Two main groups gathered for one purpose on Aug. 20 at Spokane City Hall. Supporters of the Spokane Guilds' School, and the homeless, packed the basement because of the Vehicle Interference (Panhandling) Ordinance that would prohibit all groups from collecting money on the streets of Spokane, city-wide.

In an attempt to disrupt panhandling by the homeless, city officials had to address the unintended impact that the ordinance would have on ending the Guilds' School community-wide 'Penny Drive' and Muscular Dystrophy's 'Fill the Boot.' Over 80 people signed up to give testimony. Our family was there to support the Guilds' School for all they've done to help our son.

An amended version of the ordinance passed. This means no person or group, however poor or noble, whether soliciting for handouts or donations, can do so near major intersections and roadways in and around downtown Spokane, including the on and off-ramps for I-90.

In short, the charitable organizations claim victory. The poorest of the poor in our community claim nothing.

Reflecting on what I saw at the council meeting Monday night, enduring hours of bad odor, angry people, and tired children (one in a wheelchair with a sign mocking the poor, “I'm not a beggar”), something bothers me. This 'zone' where no person or organization can now ask for money affects only the poor. It's as if the amended ordinance were a carefully crafted behind-the-scenes “we support you charitable organizations but disdain you beggars” law.

Guild School penny drive

Guild School penny drive

Please don't misunderstand me. I am all for the Penny Drive and Fill the Boot. But it seems a fast one was pulled on the poor; they alone got the shaft.

If only I could paint a picture to explain how I see it. Imagine a black rectangle outlining a portion of Spokane city. Inside this black box is primarily where the homeless get money from panhandling. They can do so no longer. Outside the black box is, historically speaking, where all the locations are for the Guilds' School Penny Drive. If the 'compromise' reached by the City Council and the Guilds' School does not affect any of the current sites for the Penny Drive, then can it honestly be called a compromise? (Unfamiliar with 'Fill the Boot,' I cannot speak to their situation).

Again, I support wholeheartedly charitable causes like the Penny Drive and Fill the Boot. The Spokane Guilds' School is a piece of heaven, working miracles in the lives of children, right here in Spokane.

What I give voice to are the very poor in our city who have no access to compromise. I've served at City Gate feeding the hungry. I've seen the people who come there and have to shovel down their food if they want a bed to sleep in at the House of Charity. I recognized many faces from the street at Monday's council meeting.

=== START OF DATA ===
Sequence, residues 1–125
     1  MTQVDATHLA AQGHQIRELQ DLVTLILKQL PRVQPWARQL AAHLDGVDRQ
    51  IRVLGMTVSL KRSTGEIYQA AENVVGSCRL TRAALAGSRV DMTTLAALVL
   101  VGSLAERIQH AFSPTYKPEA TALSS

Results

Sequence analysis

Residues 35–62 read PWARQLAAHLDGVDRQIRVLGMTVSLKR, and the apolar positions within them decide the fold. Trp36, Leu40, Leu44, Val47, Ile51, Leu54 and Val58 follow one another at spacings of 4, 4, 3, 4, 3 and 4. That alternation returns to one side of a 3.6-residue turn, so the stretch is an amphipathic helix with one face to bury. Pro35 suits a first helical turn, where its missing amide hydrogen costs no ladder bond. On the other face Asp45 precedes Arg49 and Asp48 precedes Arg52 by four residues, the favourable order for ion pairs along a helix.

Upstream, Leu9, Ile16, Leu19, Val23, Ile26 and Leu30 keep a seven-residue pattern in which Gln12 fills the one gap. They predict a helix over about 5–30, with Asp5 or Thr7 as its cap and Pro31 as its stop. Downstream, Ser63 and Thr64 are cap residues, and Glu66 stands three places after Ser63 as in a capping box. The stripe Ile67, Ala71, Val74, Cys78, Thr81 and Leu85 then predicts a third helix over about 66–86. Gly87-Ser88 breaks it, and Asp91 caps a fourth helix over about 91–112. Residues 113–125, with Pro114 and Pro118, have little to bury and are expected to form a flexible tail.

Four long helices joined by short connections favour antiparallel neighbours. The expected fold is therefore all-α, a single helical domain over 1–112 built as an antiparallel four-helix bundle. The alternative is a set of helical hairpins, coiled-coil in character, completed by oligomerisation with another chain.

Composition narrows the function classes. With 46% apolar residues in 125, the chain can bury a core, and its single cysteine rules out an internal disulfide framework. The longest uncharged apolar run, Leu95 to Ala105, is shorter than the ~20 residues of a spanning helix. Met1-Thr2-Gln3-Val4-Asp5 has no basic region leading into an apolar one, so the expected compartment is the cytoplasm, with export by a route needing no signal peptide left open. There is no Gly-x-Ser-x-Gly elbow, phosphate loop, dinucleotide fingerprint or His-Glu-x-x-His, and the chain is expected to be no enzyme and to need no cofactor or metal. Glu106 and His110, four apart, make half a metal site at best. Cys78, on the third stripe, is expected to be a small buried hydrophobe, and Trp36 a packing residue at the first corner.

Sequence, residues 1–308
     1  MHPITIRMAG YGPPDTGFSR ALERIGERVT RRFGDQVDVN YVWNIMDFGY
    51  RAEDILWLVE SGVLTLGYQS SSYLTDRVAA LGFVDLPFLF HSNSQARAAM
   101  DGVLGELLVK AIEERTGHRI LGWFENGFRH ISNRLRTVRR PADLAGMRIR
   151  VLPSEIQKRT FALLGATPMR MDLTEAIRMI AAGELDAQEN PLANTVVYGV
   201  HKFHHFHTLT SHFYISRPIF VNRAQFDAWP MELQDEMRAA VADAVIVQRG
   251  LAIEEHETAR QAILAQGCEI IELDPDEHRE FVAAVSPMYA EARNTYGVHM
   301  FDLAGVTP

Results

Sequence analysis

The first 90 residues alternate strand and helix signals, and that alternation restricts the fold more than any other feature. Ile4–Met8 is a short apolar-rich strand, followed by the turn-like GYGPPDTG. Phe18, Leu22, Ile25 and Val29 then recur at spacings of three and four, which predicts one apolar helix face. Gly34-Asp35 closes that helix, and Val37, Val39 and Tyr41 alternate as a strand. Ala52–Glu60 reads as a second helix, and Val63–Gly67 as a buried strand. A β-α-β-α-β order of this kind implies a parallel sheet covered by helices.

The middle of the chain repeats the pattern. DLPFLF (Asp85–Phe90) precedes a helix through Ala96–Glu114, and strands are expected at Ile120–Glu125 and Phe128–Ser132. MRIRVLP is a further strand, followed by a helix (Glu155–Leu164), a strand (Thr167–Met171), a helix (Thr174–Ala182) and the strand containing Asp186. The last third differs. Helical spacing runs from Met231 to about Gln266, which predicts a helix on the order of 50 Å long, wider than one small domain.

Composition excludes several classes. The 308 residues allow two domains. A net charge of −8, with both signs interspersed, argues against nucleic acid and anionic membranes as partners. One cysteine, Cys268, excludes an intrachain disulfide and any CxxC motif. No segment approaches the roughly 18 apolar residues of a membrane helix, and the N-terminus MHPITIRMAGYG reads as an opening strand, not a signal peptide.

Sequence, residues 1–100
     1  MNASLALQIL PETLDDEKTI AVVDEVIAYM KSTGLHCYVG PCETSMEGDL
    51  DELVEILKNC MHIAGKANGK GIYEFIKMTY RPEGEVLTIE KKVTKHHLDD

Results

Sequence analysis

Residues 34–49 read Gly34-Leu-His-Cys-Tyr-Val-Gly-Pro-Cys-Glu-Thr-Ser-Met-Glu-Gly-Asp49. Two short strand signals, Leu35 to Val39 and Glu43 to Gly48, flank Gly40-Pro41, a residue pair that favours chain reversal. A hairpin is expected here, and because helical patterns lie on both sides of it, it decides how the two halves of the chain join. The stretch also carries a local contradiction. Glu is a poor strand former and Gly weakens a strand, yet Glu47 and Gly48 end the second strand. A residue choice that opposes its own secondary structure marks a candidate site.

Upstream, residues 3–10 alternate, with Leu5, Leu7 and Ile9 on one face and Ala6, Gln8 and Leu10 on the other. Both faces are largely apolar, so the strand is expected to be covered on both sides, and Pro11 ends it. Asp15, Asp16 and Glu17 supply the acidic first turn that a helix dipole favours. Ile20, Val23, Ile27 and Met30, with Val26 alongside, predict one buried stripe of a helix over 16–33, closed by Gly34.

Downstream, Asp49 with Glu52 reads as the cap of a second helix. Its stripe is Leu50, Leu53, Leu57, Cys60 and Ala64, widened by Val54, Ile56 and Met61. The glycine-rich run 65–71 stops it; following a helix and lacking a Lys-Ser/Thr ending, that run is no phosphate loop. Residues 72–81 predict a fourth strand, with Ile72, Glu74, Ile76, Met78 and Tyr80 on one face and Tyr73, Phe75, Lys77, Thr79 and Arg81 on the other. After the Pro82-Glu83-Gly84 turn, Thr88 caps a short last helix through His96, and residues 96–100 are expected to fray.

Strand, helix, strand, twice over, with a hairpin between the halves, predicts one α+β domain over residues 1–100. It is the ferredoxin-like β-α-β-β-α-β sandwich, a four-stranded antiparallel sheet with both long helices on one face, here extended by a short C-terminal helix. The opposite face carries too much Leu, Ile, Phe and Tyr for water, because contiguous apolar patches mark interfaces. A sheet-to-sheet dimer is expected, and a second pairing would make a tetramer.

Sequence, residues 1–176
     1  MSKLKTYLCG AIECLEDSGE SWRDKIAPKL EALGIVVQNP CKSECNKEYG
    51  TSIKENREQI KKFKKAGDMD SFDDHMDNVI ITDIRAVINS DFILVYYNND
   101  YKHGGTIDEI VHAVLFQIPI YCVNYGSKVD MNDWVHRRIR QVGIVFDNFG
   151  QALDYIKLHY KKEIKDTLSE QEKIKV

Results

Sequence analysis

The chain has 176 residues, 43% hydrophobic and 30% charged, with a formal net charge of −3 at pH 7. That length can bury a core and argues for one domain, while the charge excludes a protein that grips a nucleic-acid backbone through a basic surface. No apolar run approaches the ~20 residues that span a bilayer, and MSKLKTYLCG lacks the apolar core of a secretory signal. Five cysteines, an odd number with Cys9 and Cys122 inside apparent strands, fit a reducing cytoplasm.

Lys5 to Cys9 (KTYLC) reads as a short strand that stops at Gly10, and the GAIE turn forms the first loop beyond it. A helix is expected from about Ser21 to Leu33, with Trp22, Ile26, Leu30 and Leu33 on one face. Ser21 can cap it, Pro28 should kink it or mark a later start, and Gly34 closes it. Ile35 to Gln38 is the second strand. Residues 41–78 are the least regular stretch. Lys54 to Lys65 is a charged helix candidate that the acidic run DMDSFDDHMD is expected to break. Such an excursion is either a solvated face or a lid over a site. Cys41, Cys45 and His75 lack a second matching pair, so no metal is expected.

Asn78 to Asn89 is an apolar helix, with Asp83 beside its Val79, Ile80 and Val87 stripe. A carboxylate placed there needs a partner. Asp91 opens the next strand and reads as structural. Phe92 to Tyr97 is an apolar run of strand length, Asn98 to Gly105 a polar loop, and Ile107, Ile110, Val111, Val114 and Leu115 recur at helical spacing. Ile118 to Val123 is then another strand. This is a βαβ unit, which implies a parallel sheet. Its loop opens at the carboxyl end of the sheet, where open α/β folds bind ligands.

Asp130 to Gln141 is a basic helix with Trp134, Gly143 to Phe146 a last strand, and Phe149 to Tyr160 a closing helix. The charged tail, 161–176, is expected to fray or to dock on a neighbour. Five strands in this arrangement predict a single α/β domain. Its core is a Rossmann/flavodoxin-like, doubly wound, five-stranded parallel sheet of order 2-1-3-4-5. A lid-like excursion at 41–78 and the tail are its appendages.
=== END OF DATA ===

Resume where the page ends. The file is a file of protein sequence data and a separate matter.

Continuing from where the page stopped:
I left the meeting with a different understanding of Jesus' words, “A person cannot live on bread alone” (Matthew 4:4). So true. To get ahead, to get anywhere, to get what you want, to get perks and compromise, one person or group must get preferential treatment at the expense of another.

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  1. Thanks for the post Lace. This “out of sight, out of mind” attitude is disappointing.

    Happening nationally as well:

  2. I’m waiting to hear alternative answers and strategies from those who oppose the ordinance.

    In our love for the poor and our desire to dignify those who Jesus calls us to befriend, love and serve, is begging the best option of public support for the poor?

    No disrespect to you or your point of view, I’m not trying to be a jerk, harsh or judgmental, I just don’t find this position:

    “You should be able to beg on our rich streets and I should be able to toss insignificant change into your bucket.”

    …to be a very high or deep fulfillment of the biblical idea of justice or mercy.

    If this is the height of our social justice action or philosophic response to the need of those who are reduced to begging on our roadways, than I think we are the ones who need to revisit our own scriptures and example of Jesus and the early church.

  3. Lace Williams-Tinajero

    I appreciate the feedback. I do not oppose the amended ordinance passed by the Spokane City Council members. What I oppose is a system where legislation works to one group or person’s advantage. If poverty and panhandling have no solution, then the question for me becomes how to be with the poor and grant them their dignity.

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